The Eleatics were a pre-Socratic school of philosophy founded by Parmenides in the early fifth century B.C. in the ancient town of Elea. Other members of the school included Zeno of Elea and Melissus of Samos. Xenophanes is sometimes included in the list, though there is some dispute over this. Elea, whose modern-day appellation is Velia, was a Greek colony located in present-day Campania in southern Italy. [Source: Wikipedia +]
Parmenides (5th century B.C.) and Zeno of Elea (5th century B.C.) , sometimes considered the founding fathers of philosophy, were the first people to be recorded as questioning the nature of being. Parmenides argued that permanence was the guiding force in the universe and change was impossible. Some scholars have suggested that Zeno of Elea was gay.
Eleatic school took its name from Elea, a Greek city of lower Italy, the home of its chief exponents, Parmenides and Zeno. Its foundation is often attributed to Xenophanes of Colophon, but, although there is much in his speculations which formed part of the later Eleatic doctrine, it is probably more correct to regard Parmenides as the founder of the school. Parmenides developed some of Xenophanes's metaphysical ideas. Subsequently, the school debated the possibility of motion and other such fundamental questions. The work of the school was influential upon Platonic metaphysics. +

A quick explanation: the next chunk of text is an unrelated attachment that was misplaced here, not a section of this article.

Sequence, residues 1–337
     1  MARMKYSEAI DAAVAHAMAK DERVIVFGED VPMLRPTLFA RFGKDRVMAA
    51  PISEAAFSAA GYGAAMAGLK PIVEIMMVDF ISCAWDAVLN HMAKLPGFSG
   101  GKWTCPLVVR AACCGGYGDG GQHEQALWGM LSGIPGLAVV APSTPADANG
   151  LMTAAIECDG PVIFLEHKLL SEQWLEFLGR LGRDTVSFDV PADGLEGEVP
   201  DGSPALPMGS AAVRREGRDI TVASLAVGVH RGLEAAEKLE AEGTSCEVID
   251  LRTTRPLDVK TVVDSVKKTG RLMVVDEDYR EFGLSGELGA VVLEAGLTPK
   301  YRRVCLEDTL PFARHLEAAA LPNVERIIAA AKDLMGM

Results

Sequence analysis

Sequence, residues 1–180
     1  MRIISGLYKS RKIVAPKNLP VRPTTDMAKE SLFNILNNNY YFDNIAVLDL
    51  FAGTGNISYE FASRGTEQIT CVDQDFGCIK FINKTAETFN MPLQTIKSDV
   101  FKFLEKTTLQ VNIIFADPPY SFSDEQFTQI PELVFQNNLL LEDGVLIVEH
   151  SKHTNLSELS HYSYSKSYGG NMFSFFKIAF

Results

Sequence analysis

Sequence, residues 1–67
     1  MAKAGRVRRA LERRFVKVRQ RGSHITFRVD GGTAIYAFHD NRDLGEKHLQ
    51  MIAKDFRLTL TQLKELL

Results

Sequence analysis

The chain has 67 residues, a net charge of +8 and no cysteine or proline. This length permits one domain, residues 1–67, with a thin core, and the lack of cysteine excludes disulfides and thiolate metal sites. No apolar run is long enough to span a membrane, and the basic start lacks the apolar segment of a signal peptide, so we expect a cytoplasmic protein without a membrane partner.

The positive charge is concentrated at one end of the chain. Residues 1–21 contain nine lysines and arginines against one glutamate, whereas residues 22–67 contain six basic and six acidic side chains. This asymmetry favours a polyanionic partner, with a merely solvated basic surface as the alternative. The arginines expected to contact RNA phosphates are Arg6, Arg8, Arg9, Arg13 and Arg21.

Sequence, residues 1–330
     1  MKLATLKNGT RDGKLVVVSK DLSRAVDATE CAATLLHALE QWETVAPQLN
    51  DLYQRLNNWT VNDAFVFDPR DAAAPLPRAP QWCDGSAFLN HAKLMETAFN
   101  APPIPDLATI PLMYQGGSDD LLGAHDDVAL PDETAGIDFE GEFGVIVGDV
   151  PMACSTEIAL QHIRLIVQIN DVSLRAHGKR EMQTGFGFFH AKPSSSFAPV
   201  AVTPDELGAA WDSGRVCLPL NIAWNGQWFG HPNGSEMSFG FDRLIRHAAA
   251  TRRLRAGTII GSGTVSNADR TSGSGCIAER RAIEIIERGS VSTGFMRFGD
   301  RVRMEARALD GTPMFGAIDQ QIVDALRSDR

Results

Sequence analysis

The Eleatics rejected the epistemological validity of sense experience, and instead took logical standards of clarity and necessity to be the criteria of truth. Of the members, Parmenides and Melissus built arguments starting from sound premises. Zeno, on the other hand, primarily employed the reductio ad absurdum, attempting to destroy the arguments of others by showing that their premises led to contradictions (Zeno's paradoxes).
The main doctrines of the Eleatics were evolved in opposition to the theories of the early physicalist philosophers, who explained all existence in terms of primary matter, and to the theory of Heraclitus, which declared that all existence may be summed up as perpetual change. The Eleatics maintained that the true explanation of things lies in the conception of a universal unity of being. According to their doctrine, the senses cannot cognize this unity, because their reports are inconsistent; it is by thought alone that we can pass beyond the false appearances of sense and arrive at the knowledge of being, at the fundamental truth that the "All is One". Furthermore, there can be no creation, for being cannot come from non-being, because a thing cannot arise from that which is different from it. They argued that errors on this point commonly arise from the ambiguous use of the verb to be, which may imply actual physical existence or be merely the linguistic copula which connects subject and predicate.